In a recent study published in The Journal of Clinical Endocrinology & Metabolism, researchers developed therapeutic recommendations for utilizing vitamin D [cholecalciferol (vitamin D3) or ergocalciferol (vitamin D2)] to reduce the risk of illness in individuals who do not have documented grounds for vitamin D medication or 25-hydroxyvitamin D [25(OH)D] testing.


Studies have linked serum 25-hydroxyvitamin D levels to various ailments, including metabolic, musculoskeletal, neoplastic, cardiovascular, viral, and autoimmune diseases. Although no causative relationship has been proven between blood 25-hydroxyvitamin D levels and numerous illnesses, these links have resulted in widespread vitamin D supplementation and increases in laboratory-based 25-hydroxyvitamin D testing in general populations.

The risk-benefit ratio of the rise in D vitamin usage is unclear, and the ideal vitamin D consumption and significance of 25-hydroxyvitamin D testing to prevent disease are unknown.

About the study

In the present study, researchers developed guidelines for vitamin D supplementation to prevent disease.

An inter-disciplinary panel, including several clinical specialists, identified 14 clinically crucial concerns about vitamin D supplementation and testing to reduce illness risk. The panel emphasized randomized and placebo-controlled studies in the general public and specific situations (pregnancy and prediabetes) to assess the impact of empirical vitamin D treatment across the life cycle. The panel determined empirical therapy as D vitamin administration beyond the Dietary Reference Intakes (DRIs) but not tested for 25-hydroxyvitamin D.

The researchers used the Grading of Recommendations, Assessment, Development, and Evaluation (GRADE) technique to determine evidence certainty and provide recommendations. The strategy included a patient representative’s opinions, considering patient values, prices, and resources necessary, as well as the offered suggestions’ influence on health equities.

The technique uses evidence-to-decision (EtD) frameworks to guarantee relevant criteria examination when generating recommendations. The Guideline Development Panel (GDP) included content experts from various specialties (adult endocrinology, general internal medicine, obstetrics and gynecology, pediatric endocrinology, nutrition, and epidemiology), a patient representative, and a clinical practice guideline methodologist from the Mayo Evidence-Based Practice Centre.

The systematic search for evidence began in February 2022, with updates in December 2023. During an in-person panel discussion and a series of video conferences, the Guideline Development Panel assessed the balance of benefits and hazards and the other EtD criteria to decide the direction and strength of each recommendation. The researchers made draft recommendations available for external peer review and internally to Endocrine Society members. The Society’s Clinical Guidelines Committee, co-sponsoring organizations, the Board of Directors, and an expert reviewer evaluated the draft guideline document.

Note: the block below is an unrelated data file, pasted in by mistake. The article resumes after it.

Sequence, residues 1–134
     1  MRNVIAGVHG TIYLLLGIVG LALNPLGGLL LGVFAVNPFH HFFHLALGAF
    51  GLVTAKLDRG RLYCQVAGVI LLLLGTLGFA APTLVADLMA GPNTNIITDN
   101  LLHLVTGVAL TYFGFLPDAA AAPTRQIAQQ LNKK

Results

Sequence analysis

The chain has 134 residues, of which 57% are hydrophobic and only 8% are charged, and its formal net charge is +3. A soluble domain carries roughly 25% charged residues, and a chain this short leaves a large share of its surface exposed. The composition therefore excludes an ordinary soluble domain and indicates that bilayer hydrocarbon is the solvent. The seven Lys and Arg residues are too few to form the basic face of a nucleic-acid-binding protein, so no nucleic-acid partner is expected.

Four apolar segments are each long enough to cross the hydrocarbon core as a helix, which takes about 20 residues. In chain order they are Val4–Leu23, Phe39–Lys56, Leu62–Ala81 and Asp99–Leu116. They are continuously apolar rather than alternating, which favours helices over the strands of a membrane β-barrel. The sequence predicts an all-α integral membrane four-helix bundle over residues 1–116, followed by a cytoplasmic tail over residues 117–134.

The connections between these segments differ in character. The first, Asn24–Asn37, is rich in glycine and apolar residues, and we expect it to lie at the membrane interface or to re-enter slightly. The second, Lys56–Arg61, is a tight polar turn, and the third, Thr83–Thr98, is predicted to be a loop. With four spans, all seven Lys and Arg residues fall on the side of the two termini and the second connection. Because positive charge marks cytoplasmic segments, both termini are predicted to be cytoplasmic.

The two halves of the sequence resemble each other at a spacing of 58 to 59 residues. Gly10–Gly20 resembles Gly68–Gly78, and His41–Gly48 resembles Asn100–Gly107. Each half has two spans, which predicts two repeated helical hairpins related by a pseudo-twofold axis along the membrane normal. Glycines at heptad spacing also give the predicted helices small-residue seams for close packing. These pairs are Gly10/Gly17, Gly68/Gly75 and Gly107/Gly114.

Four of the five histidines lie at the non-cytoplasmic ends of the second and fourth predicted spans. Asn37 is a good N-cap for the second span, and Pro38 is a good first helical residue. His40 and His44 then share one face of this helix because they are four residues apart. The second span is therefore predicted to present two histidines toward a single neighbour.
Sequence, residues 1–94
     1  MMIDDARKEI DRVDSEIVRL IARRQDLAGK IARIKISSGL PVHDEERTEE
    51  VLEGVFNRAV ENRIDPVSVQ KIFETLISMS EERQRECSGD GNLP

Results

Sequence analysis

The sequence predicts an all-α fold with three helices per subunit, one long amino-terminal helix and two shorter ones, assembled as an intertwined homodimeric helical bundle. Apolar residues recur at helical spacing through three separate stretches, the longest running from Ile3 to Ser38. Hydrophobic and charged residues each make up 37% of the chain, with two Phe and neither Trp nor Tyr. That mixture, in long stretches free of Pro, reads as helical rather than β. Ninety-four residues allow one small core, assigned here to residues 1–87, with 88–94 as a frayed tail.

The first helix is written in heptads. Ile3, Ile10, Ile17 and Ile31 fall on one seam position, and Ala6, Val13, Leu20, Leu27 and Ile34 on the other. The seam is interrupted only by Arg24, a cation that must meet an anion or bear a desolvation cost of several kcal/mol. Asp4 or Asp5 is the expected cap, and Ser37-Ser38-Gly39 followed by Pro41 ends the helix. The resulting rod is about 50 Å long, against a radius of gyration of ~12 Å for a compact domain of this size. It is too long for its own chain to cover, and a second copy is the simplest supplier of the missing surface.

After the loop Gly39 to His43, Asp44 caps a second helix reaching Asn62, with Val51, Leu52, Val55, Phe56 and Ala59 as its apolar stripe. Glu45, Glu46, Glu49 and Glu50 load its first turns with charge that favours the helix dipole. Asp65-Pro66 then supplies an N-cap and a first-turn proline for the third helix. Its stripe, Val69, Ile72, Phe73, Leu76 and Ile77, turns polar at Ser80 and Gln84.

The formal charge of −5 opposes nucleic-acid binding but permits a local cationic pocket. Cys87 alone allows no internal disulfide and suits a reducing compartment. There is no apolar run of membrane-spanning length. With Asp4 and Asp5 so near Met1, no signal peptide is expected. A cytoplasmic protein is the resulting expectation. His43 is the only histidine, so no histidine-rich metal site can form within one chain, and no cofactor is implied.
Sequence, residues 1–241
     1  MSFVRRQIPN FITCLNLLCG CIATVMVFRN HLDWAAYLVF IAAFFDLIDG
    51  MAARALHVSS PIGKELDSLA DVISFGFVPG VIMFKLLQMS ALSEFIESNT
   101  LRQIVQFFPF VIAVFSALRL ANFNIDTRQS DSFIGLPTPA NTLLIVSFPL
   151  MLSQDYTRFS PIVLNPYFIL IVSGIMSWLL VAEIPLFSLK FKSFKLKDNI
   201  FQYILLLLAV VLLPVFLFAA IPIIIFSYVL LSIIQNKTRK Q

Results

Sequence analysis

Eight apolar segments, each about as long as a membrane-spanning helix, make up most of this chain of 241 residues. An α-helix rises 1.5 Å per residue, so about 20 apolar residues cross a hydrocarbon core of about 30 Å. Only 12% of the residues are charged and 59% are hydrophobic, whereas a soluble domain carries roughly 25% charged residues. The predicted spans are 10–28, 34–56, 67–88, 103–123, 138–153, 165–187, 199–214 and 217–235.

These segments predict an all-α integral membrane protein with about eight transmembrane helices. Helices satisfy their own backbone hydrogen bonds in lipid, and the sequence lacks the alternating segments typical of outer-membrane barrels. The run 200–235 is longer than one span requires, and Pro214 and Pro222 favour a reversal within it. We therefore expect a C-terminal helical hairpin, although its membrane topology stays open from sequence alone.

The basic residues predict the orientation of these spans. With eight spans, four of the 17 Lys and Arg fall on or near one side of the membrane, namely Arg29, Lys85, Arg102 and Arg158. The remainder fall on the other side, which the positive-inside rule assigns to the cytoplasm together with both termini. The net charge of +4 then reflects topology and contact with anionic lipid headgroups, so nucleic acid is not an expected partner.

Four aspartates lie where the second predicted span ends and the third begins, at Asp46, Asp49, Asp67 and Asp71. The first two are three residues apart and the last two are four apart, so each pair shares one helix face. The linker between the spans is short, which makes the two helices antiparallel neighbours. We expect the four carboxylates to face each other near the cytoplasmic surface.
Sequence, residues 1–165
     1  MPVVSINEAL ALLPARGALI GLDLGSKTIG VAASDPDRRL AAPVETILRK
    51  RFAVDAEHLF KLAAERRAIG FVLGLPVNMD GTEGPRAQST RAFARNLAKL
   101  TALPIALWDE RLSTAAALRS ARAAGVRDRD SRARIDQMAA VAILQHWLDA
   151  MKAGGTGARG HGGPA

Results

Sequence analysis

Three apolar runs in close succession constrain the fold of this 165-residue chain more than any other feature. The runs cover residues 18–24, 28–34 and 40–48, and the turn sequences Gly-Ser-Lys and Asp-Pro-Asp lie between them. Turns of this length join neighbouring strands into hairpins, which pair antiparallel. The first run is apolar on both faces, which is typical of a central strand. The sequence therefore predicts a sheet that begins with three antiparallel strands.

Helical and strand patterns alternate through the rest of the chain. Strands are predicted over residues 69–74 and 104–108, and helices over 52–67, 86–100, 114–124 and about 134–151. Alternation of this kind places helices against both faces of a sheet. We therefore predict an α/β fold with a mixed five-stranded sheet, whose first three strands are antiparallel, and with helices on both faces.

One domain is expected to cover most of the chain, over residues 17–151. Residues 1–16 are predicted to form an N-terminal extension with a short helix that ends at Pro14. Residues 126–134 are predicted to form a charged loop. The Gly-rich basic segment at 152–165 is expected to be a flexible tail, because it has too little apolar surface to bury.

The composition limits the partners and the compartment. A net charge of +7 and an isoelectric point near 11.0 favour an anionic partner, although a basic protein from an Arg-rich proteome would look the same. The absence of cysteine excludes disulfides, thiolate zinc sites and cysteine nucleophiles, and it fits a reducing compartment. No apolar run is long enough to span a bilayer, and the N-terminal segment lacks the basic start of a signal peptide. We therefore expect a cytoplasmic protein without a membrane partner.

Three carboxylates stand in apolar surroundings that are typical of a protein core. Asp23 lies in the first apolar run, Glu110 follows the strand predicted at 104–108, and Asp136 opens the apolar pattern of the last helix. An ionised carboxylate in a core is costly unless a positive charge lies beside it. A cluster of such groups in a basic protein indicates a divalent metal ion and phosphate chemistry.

The expert panel recommends empirical vitamin D supplements for children to protect against nutritional rickets due to its properties that reduce respiratory infection risk; for individuals aged ≥75 years due to its ability to lower mortality risk; and for pregnant women due to its effects on lowering preeclampsia, intrauterine fetal death, preterm delivery, small-for-gestational-age (SGA) birth risks.

Because vitamin D dosages in the clinical studies varied greatly and many individuals were permitted to continue vitamin D-based supplementation, the ideal amounts for empirical vitamin D administration for the general populations are unknown. For non-pregnant individuals over the age of 50 years who require vitamin D supplements, the panel recommends daily delivery rather than occasional high-dose usage.

The panel recommends empirical vitamin D supplementations over the existing dietary reference intake to reduce illness risk in healthy individuals aged below 75 years. There was no clinical research evidence that supported regular 25-hydroxyvitamin D screening in general populations, nor among individuals with adiposity or dark skin, and the team found no concrete evidence concerning optimum 25-hydroxyvitamin D levels required to prevent disease among the study populations; therefore, the panel recommends against regular 25-hydroxyvitamin D screening among all populations investigated. The panel concluded that empirical vitamin D treatment is cost-effective, practicable, and acceptable to healthy people and healthcare providers in most cases without detrimental impact on health equities.

According to the panel, one can obtain vitamin D through fortified meals, vitamin-based formulations, or supplements. Doses for children’s respiratory tract infections range from 300 to 2,000 international units (IU) or 7.50 to 50 μg per day. Adults aged ≤70 years should consume the Recommended Daily Allowance (600 IU or 15 µg), while those aged >70 years should consume 800 IU (or 20 µg) daily.

Vitamin D doses for pregnant women ranged between 600 IU and 5,000 IU/day, and they were administered daily or weekly. The panel recommended low-dose daily supplementation over intermittent, high-dose supplementation of the vitamin. Lifestyle changes are critical for individuals with prediabetes.

By Pooja Toshniwal Paharia

Source: NewsMedical

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